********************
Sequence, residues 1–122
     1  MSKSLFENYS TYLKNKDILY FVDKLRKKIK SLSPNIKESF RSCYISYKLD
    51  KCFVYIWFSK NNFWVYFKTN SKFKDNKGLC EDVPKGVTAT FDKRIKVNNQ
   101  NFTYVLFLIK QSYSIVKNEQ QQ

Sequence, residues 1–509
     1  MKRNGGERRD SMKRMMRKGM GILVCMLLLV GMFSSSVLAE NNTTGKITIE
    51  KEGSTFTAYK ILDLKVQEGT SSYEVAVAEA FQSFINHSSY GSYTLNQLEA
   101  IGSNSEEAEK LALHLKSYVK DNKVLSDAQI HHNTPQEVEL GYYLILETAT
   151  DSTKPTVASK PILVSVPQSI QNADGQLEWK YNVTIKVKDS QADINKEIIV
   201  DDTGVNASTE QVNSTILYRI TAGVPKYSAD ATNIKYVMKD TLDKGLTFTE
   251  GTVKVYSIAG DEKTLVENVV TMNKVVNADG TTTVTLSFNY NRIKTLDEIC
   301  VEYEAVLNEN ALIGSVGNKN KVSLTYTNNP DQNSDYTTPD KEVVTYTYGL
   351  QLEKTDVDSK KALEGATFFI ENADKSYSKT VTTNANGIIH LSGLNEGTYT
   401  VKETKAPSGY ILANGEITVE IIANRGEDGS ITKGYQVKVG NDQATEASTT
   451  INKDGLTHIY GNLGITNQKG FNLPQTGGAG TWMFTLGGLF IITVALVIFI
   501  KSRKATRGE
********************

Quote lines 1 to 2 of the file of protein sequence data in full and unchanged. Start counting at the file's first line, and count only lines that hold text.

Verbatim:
Sequence, residues 1–122
     1  MSKSLFENYS TYLKNKDILY FVDKLRKKIK SLSPNIKESF RSCYISYKLD